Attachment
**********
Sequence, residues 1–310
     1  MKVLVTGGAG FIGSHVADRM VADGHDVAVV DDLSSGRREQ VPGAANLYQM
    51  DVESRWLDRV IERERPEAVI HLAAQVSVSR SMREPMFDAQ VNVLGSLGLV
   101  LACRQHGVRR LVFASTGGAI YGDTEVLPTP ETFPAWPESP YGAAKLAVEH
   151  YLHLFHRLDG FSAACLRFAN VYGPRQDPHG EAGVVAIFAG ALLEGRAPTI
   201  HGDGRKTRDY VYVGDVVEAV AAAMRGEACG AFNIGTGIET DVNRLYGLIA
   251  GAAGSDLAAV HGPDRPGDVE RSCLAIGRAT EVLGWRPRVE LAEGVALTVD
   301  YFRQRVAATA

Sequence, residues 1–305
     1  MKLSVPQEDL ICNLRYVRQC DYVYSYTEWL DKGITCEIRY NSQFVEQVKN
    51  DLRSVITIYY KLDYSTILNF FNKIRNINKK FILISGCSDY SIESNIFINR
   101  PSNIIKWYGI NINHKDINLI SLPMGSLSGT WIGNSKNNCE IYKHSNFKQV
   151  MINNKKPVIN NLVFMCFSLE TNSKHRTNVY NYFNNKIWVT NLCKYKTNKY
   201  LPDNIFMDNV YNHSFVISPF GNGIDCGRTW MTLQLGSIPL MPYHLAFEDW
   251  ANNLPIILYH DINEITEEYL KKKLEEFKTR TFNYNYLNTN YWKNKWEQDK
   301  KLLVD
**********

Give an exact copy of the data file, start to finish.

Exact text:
Sequence, residues 1–310
     1  MKVLVTGGAG FIGSHVADRM VADGHDVAVV DDLSSGRREQ VPGAANLYQM
    51  DVESRWLDRV IERERPEAVI HLAAQVSVSR SMREPMFDAQ VNVLGSLGLV
   101  LACRQHGVRR LVFASTGGAI YGDTEVLPTP ETFPAWPESP YGAAKLAVEH
   151  YLHLFHRLDG FSAACLRFAN VYGPRQDPHG EAGVVAIFAG ALLEGRAPTI
   201  HGDGRKTRDY VYVGDVVEAV AAAMRGEACG AFNIGTGIET DVNRLYGLIA
   251  GAAGSDLAAV HGPDRPGDVE RSCLAIGRAT EVLGWRPRVE LAEGVALTVD
   301  YFRQRVAATA

Sequence, residues 1–305
     1  MKLSVPQEDL ICNLRYVRQC DYVYSYTEWL DKGITCEIRY NSQFVEQVKN
    51  DLRSVITIYY KLDYSTILNF FNKIRNINKK FILISGCSDY SIESNIFINR
   101  PSNIIKWYGI NINHKDINLI SLPMGSLSGT WIGNSKNNCE IYKHSNFKQV
   151  MINNKKPVIN NLVFMCFSLE TNSKHRTNVY NYFNNKIWVT NLCKYKTNKY
   201  LPDNIFMDNV YNHSFVISPF GNGIDCGRTW MTLQLGSIPL MPYHLAFEDW
   251  ANNLPIILYH DINEITEEYL KKKLEEFKTR TFNYNYLNTN YWKNKWEQDK
   301  KLLVD